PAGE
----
I had a fascinating and wide-ranging chat to Rom Harré over lunch on Thursday at the LSE. We started talking about bureaucracy and the inauthenticity of governance in educational institutions, and (what I took to be) the relationship between the social structural conditions for governance and the agency of those who are responsible for it. In a way, this set the scene for a broader discussion of teaching, learning, knowledge, positioning theory, music and language.
We turned to education, where I gave a brief overview of my work, and my particular interest in Harré's 'Positioning Theory' and how it relates to teaching: the challenges of teaching, of the nature of knowledge, of knowledge's relationship to insight, and how these issues relate to the organisation of education. And, of course, the nature of language.
This led to a consideration of Harré's relationship to Critical Realism. The reification of social categories within Critical Realism is a concern. Possibly because of their adherence to 'objective rationality', they seem to be less aware than one would wish of the role of language in making distinctions. I mentioned my discomfort with the utopianism of critical realism. I think we agreed that CR was an awkward mix of an innovative realist philosophy with a rather old-fashioned radicalism. The extent to which it is very difficult to critique the Critical Realist position with Critical Realists was something I discussed with reference to the role of personal identity with processes of social construction of knowledge. We had discussed earlier the importance of insight into the personal dimension of knowledge. Harré mentioned that he places particular emphasis on the teaching of biography of key thinkers. This does seem to be something missing from Critical Realism.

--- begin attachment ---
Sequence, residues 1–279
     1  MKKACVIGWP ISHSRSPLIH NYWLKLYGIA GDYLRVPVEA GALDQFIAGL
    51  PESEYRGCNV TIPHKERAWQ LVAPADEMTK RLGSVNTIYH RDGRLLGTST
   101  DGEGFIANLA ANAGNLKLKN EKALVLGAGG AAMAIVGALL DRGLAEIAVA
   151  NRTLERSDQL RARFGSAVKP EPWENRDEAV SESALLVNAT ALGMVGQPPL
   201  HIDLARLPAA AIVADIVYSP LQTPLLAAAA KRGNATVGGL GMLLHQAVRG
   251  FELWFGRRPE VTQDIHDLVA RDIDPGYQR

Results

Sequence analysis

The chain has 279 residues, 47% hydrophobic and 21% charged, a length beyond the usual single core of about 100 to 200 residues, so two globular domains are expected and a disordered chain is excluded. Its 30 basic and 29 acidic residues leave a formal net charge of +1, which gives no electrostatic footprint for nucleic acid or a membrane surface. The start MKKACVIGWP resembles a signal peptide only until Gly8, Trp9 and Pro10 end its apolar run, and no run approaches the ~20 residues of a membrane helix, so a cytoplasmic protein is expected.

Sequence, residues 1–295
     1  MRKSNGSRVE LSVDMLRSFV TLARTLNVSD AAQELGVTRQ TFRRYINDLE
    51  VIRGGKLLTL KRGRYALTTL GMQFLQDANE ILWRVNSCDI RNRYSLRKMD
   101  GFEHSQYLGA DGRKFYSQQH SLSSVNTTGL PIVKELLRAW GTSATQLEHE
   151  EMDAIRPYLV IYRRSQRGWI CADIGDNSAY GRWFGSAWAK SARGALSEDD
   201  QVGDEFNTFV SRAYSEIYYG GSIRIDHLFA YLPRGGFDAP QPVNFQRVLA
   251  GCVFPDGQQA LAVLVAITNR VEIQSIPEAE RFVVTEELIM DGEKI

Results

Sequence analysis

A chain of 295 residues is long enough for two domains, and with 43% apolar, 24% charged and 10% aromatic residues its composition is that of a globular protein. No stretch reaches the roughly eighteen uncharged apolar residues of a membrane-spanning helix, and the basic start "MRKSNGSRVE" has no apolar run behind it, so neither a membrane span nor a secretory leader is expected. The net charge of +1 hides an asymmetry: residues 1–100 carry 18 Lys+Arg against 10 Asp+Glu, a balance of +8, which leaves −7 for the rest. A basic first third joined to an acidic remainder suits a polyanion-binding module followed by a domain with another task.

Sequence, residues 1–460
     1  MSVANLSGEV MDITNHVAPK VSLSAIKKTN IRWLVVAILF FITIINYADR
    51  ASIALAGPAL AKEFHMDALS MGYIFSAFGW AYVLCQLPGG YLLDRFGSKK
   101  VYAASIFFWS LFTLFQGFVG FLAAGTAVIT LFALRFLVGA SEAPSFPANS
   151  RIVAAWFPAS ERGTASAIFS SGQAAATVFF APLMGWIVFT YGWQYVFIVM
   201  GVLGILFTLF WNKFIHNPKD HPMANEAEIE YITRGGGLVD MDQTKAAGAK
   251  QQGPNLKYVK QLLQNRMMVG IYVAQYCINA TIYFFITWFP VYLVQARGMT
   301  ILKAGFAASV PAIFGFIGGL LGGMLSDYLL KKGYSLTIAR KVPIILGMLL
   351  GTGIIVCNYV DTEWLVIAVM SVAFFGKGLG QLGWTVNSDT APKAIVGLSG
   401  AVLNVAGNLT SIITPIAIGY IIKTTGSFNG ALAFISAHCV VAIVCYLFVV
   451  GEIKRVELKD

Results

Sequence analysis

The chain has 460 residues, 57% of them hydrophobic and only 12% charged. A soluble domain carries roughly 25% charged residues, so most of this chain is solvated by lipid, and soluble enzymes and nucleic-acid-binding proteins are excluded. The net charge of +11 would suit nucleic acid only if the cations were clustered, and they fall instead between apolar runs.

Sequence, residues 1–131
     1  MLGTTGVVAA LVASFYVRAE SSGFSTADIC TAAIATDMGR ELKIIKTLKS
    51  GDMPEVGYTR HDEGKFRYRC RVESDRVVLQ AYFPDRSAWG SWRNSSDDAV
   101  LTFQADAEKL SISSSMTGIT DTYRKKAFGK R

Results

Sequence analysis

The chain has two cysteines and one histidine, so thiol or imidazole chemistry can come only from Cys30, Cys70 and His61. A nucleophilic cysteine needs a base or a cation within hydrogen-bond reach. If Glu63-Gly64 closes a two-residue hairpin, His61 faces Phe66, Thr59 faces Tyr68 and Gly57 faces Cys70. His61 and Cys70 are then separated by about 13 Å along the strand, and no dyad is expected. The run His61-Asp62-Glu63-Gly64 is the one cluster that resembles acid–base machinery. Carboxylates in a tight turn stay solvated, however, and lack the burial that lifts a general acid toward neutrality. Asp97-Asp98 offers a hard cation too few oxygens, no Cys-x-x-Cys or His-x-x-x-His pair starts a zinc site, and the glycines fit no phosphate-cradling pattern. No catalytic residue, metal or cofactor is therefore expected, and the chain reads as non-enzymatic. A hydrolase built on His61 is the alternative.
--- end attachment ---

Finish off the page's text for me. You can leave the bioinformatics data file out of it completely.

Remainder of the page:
Then we talked about music. I expressed how I thought music had a rhetorical nature, in that the musical 'acts' seem to serve to maintain a biological state of both the listener and often the performer. Schenker fascinates both of us, and the issue of the 'family resemblance' between a reduction of a piece and the original raises many questions which we didn't get an opportunity to explore. He's just co-authored a book on the psychology of music: this stuff seems timely! (http://www.amazon.co.uk/Psychology-Music-Siu-Lan-Tan/dp/product-description/1841698687) Sentences may work in a similar way to music, he remarked. I wonder if it's not so much sentences, but conversations which function in this way. The video is a way of exploring this.